Oil tanker anchored in the Mediterranean off the coast at Caesarea, with Roman column in foreground, and haze from a Sahara sandstorm.
Jim’s account of the day
Quite a day. Up at 5:00 a.m. (okay, Teri was up at 4:30 a.m.) and on the way to the Jerusalem train station by 6:30 in a taxi that the manager of the Rivoli Hotel rounded up for us. It cost us 70 shekels (shekels are worth about $.32). Than we got two tickets to Caesarea for 76 shekels each. The train left the station around 7:40 am and we were rolling through a pleasant valley of trees on terraced hills, some shrubs and dry grass. The stream bed running alongside the tracks at the bottom of the valley was dry as a bone, but its well-scoured rocks suggested it runs swiftly with water at least part of the year.
There isn’t a lot of habitation west of Jerusalem. The dry, green, brown, and rocky slopes suggest the American southwest. And what is more appropriate for the west than a train trip. It took us almost an hour and a half to get to the main train station in Tel Aviv, and the last half hour was out of the wilderness and passing through civilization. Tel Aviv is a modern city with freeways, lots of high rises, an IKEA and all the trappings of western civilization we have come to know and love in the US.
Israel countryside between Jerusalem and Tel Aviv, from the train.
We had to change trains in Tel Aviv to get to Caesarea, which took another hour. Binyamini is the end of the line. Everyone off! A cab took us the last few kilometres to the National Park at Caesarea, which is an archaeological site featuring ruins from the time of Herod onward. There are the remains of a palace that Herod built, and further along, a reconstructed amphitheatre on the site of Herod’s amphitheatre. There is a beach that is littered with small shells, a few of which ended up in our pockets.
Restored Roman amphitheatre.
On the horizon was a huge ship, probably an oil tanker, and off the in distance to the south, several very tall smokestacks and a long pier, which was probably there for the oil tankers – industrial features that were not in evidence forty years ago when I first set foot on this particular beach. In fact, almost none of the ruins, with the exception of the palace, had been unearthed then. In the place of a half dozen up-scale restaurants, and an equal number of antique and jewelry stores, equally up-scale, there had been only a patch of grass and palm trees, with dirt paths, and areas to camp. Once again, evidence that the world had marched on without me. There hadn’t been a fee then either. In 2010, it cost us each $10 to get in. That price included a video portraying the history of Caesarea, but we passed on that, wandering among the various ruins instead.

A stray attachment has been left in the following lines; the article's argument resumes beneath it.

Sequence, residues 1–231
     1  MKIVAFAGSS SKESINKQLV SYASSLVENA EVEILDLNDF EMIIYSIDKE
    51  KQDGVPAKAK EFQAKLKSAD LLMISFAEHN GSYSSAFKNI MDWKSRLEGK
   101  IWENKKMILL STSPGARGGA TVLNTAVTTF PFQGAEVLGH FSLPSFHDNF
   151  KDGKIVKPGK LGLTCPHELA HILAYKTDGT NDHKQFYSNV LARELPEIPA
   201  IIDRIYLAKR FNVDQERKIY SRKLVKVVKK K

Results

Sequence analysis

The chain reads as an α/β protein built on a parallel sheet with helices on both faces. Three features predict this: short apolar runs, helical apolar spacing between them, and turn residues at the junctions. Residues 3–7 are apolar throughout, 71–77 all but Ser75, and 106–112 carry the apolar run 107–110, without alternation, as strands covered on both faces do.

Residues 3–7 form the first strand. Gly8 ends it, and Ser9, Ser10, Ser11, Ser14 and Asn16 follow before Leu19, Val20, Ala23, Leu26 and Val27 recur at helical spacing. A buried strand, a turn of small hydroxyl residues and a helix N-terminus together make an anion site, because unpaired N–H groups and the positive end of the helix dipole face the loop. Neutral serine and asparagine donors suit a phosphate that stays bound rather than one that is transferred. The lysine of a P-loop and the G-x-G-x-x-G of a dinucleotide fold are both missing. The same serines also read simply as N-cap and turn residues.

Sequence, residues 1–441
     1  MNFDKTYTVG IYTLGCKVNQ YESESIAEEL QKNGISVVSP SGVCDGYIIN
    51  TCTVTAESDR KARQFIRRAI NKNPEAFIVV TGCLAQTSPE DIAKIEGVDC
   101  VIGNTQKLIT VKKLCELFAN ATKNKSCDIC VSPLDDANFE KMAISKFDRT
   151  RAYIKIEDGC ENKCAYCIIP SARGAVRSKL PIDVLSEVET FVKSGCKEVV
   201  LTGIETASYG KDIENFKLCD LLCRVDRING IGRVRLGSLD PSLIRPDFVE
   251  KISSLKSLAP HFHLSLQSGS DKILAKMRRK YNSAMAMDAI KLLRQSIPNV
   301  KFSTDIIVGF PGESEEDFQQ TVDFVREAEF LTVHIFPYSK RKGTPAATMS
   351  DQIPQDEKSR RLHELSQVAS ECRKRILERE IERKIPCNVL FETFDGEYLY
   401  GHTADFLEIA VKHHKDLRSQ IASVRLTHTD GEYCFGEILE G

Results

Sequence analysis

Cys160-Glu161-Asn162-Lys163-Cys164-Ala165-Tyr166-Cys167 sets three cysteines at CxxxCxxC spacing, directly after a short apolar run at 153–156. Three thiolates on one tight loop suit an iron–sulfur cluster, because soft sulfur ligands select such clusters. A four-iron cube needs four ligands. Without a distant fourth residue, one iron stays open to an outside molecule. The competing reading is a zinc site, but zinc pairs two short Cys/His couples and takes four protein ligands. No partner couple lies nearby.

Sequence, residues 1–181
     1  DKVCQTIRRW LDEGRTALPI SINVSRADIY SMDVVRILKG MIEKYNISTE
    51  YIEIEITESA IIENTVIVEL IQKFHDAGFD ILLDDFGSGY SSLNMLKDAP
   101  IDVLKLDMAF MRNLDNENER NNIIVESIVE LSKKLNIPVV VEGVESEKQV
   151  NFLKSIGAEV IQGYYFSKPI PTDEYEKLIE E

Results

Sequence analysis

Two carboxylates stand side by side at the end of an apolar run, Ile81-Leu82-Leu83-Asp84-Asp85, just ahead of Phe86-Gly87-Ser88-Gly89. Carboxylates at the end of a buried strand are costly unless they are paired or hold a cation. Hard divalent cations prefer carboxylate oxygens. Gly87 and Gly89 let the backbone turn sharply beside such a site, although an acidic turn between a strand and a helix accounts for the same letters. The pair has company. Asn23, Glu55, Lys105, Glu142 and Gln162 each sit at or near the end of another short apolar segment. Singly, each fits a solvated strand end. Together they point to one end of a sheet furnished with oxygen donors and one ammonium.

Roman ruins; oil tanker off shore.
After a few hours we were feeling the sun and heat; we felt like we had seen the best the park had to offer and began our trip home.
The attendant at the park gate called a cab for us which took us back to the train station. We arrived minutes before a train arrived to get us to Tel Aviv, and our return trip was a comfortable, scenic and pleasant as the morning trip had been. The Israeli trains are new, smooth riding, comfortable and run on time, as near as we can tell. Not all the information we needed was in English and we were forced to confirm from other passengers whether we were on the right train and getting off on the right stop. But they were very patient with us, and steered us right. We made it to Jerusalem by 4:30 and caught a taxi home. A taxi that charged us only half of what the morning driver charged us, by the way. I know I am being taken advantage of pretty regularly here. And it isn’t for huge amounts. And we do get what we need. And everyone is very friendly as they pocket our shekels. But it is tiring sometimes. Not that taxi drivers, and other purveyors are necessarily any better.
I half-way woke at 2:30 a.m. and lay there wondering where I was and how I got there and how I would get back. Slowly I worked my way back – Hotel Rivoli in Jerusalem. Took a bus from the airport to get here. Took a plane from Istanbul, and before that, a plane from Athens to Istanbul. Athens – got there from Newark, via Milan. OK. And got to Newark from Anchorage via Seattle. And Meagan is taking care of the house in Anchorage. OK. So there was an identifiable trail of connections to show that I was indeed Teri Carns, and had gotten to the Hotel Rivoli by a route that didn’t involve magic of any sort, pharmaceutical or otherwise. Reassuring, but still left me feeling disoriented.
Jim has described the day’s events. He didn’t mention the wildlife: one weasel – long, low, and light desert brown – running across the road as we approached the ruins. A pair of storks on a piece of the breakwater a hundred yards from shore. Some of the same long-legged black ants (like they’re running around on stilts) that we saw near the ocean on Aegina. Another pair of storks sighted from the plane on the way home. And more of the crow-family birds we saw in Greece, who turn out to my delight (having never seen one, but having read about them for most of my life) to be jackdaws.